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Sheridan's plan to open schools includes a classroom cap of 12 students

The district also plans to provide three masks to every student and staff member and will have cones and caution tape in place to manage student traffic flow.

SHERIDAN, Colo. — When the Sheridan School District reopens in about a month, class size will be limited to an average maximum of 12 students in response to the coronavirus pandemic, according to a draft proposal presented to the school board by Superintendent Pat Sandos.

"If we can keep the number of kids limited, we're hoping that that will keep our kids and our staff safer and less chance for cross-contamination," Sandos said.

School is set to resume in the district on Monday, Aug. 17.

Sandos emphasized that student and staff safety is the primary concern—and said any student or teacher has the option to remain at home.

The district plans to offer in-person instruction in school classrooms to half of the students in grades six through 12 at one time. When at school, they will receive instruction in core classes such as English language arts, mathematics, science and social studies.

“We have to keep it safe,” Sandos said. “Even though some of the directives are that you can have 20 to 25 students, we’re not doing that.”

At the high school level, students in ninth and 10th grades would attend school in the morning and students in 11th and 12th grades would attend in the afternoon. All electives and non-core classes would be taken at home via online learning, resulting in a full academic day.

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Once in school, no more than an average of 12 students will be allowed in each classroom based on how many desks can fit and still be six feet apart, Sandos said.

For example, a class of 24 students would be split into two groups—one in the same room as the teacher, the second group in an adjacent classroom with a paraprofessional, and will participate in class through Zoom.

"Then, we flip the kids every other day so that they get, they all get access to the teacher," Sandos said. 

Students would rotate each day so direct teacher interaction is distributed evenly.

"Now, the kids that are out in the hall, they're taking a lesson live, it's actually happening at the same time," Sandos said. "They can ask questions right through their computer and the teacher has got a speaker in the room and can hear them."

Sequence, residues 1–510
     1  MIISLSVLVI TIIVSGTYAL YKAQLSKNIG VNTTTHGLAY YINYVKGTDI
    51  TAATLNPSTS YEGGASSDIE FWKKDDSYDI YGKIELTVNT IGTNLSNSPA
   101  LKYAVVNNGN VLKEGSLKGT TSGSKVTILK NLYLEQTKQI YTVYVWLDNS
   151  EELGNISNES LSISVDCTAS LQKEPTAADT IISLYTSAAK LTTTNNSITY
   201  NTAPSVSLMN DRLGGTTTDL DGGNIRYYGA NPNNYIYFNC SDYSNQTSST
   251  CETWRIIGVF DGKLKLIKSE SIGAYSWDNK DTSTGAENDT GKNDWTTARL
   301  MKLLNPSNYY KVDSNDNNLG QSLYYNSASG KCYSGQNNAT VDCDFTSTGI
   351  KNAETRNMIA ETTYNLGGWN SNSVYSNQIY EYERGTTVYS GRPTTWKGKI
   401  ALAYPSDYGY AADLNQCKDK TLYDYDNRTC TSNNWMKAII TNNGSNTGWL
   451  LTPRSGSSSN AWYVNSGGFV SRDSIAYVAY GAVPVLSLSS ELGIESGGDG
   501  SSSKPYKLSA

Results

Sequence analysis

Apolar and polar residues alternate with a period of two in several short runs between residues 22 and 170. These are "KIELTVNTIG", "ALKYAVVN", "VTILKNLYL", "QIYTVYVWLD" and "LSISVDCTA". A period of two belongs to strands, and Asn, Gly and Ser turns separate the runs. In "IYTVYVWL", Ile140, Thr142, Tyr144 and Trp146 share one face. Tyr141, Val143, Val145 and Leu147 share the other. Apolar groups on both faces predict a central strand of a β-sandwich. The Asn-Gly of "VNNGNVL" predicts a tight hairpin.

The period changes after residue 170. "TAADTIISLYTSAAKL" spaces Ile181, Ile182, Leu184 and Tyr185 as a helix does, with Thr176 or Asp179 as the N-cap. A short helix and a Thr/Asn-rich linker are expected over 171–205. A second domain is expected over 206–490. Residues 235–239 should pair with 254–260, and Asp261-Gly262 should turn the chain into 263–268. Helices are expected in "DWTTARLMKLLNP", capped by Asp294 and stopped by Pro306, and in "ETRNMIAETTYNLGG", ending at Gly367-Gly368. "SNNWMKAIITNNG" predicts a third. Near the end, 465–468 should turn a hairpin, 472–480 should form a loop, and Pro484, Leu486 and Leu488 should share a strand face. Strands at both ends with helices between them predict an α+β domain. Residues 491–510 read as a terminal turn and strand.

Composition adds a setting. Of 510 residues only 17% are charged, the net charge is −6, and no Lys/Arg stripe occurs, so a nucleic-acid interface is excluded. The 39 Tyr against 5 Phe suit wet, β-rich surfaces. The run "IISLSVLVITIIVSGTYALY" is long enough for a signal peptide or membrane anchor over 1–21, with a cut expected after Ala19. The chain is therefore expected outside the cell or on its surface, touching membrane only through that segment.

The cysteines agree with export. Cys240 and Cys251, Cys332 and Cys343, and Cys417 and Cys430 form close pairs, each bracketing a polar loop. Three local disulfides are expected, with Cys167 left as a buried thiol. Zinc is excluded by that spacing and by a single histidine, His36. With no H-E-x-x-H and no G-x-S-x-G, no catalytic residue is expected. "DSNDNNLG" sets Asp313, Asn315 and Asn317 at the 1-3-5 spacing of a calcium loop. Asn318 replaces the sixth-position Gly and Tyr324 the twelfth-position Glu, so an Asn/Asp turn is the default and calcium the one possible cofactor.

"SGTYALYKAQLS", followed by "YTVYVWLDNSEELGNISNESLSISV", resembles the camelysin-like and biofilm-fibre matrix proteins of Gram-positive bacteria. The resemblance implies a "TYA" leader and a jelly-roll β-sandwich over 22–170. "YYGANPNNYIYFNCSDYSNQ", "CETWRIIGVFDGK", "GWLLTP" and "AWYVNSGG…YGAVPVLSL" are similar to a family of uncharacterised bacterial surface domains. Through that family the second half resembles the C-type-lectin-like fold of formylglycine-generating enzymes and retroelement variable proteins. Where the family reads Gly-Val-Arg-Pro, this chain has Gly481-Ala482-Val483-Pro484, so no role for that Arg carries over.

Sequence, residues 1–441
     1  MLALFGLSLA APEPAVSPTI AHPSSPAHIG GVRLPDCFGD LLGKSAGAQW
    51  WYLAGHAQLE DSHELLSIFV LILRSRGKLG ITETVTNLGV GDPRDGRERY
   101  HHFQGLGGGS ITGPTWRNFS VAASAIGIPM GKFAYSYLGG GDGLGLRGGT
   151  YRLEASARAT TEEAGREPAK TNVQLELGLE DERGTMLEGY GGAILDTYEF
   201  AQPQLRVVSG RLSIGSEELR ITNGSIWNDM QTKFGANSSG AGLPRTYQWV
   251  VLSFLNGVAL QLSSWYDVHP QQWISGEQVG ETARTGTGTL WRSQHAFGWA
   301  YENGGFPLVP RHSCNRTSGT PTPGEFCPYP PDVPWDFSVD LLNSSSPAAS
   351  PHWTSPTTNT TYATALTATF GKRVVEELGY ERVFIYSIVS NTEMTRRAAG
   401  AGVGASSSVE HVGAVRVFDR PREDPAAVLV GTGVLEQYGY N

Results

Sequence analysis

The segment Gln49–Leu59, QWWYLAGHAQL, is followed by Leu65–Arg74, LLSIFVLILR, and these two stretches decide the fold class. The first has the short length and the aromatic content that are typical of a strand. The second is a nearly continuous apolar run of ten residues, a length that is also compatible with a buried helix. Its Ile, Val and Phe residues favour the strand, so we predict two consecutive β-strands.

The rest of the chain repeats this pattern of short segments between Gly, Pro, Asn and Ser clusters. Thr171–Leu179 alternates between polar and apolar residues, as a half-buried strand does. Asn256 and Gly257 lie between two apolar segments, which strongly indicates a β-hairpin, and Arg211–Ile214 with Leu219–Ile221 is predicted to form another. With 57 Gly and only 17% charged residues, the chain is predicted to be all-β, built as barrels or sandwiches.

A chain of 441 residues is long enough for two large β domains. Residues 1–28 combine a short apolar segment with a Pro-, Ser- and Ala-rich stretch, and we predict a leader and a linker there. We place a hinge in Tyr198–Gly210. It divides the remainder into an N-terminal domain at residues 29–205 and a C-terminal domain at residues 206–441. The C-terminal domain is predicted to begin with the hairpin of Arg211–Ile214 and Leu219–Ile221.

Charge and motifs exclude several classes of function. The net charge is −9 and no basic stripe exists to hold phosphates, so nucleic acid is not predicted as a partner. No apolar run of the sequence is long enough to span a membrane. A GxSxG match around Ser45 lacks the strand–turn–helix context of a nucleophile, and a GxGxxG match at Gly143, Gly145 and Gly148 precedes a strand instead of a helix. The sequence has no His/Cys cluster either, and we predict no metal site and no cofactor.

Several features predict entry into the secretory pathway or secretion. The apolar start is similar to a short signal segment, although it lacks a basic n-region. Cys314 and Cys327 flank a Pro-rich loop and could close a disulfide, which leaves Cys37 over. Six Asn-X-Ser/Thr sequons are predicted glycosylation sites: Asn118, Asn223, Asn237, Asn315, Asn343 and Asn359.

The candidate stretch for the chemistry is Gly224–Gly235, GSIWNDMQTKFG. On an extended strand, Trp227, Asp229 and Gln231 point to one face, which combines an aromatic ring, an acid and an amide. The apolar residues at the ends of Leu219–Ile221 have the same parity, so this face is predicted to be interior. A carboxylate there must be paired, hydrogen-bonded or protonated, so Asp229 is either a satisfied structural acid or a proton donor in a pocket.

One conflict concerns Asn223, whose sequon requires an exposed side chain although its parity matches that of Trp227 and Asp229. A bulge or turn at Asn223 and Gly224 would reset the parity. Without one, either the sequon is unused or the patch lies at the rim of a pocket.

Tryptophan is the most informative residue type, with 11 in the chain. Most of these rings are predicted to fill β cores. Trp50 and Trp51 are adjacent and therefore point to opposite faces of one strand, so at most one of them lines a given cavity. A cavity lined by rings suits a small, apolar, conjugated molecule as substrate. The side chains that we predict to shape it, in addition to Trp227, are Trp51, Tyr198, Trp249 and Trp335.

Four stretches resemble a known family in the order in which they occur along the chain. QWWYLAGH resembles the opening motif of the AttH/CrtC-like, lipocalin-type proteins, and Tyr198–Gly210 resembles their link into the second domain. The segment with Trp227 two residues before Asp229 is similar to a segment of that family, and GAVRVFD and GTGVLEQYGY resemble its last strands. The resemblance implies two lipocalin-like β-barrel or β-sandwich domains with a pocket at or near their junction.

Students who opt to stay at home would access the same instruction being delivered—synchronously—from inside the school classroom.

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A detailed plan for all grade levels which will include expectations for entering and exiting schools, staggered hallway passing between periods, desk and classroom cleaning, and transportation will be issued soon, according to the district.

"We have a lot of multi-generational families," Sandos said. "If we do this, if we open up and if we're successful with this model, we're not putting the entire family at risk by doing that."

Sandos said Sheridan's plan was inspired by what a charter school in Aurora is currently doing with summer school students.

"This is all new thinking to us," Sandos said. "33 years of education, I've never seen anything like this."

Schools will be marked with cones and caution tape to manage student flow, the district said.

Recesses will be staggered—and only permitted for small groups of students at a time. 

Face masks will be required for everyone inside the school, and the district said it plans to provide three masks for every student and for each staff member. The small metro-area school district only has 1,400 students total and about 120 teachers.

"We're small enough and nimble enough that we think we can do that," Sandos said. "So, just by sheer size, we have an advantage."

All students will have their temperature checked upon arrival in school, according to the plan. Details about what would happen if a student has a fever are still being worked out.

"We're an at-risk community, so we want our kids in school," Sandos said. "Our teachers want to be in front of their kids. We want to do it in a safe way, though, and this seems to make sense for us."

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